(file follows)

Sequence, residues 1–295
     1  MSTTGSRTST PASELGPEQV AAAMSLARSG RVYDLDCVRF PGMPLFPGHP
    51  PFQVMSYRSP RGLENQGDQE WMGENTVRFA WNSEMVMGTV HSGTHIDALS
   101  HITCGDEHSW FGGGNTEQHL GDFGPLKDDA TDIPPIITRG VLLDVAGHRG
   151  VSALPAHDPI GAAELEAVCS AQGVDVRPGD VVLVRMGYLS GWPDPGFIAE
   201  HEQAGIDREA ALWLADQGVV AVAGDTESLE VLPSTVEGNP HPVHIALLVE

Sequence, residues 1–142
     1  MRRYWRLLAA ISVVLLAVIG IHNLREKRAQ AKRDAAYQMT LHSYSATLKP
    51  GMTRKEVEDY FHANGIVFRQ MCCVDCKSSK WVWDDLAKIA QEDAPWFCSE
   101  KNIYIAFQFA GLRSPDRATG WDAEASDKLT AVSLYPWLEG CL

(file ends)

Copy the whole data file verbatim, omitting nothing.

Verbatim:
Sequence, residues 1–295
     1  MSTTGSRTST PASELGPEQV AAAMSLARSG RVYDLDCVRF PGMPLFPGHP
    51  PFQVMSYRSP RGLENQGDQE WMGENTVRFA WNSEMVMGTV HSGTHIDALS
   101  HITCGDEHSW FGGGNTEQHL GDFGPLKDDA TDIPPIITRG VLLDVAGHRG
   151  VSALPAHDPI GAAELEAVCS AQGVDVRPGD VVLVRMGYLS GWPDPGFIAE
   201  HEQAGIDREA ALWLADQGVV AVAGDTESLE VLPSTVEGNP HPVHIALLVE

Sequence, residues 1–142
     1  MRRYWRLLAA ISVVLLAVIG IHNLREKRAQ AKRDAAYQMT LHSYSATLKP
    51  GMTRKEVEDY FHANGIVFRQ MCCVDCKSSK WVWDDLAKIA QEDAPWFCSE
   101  KNIYIAFQFA GLRSPDRATG WDAEASDKLT AVSLYPWLEG CL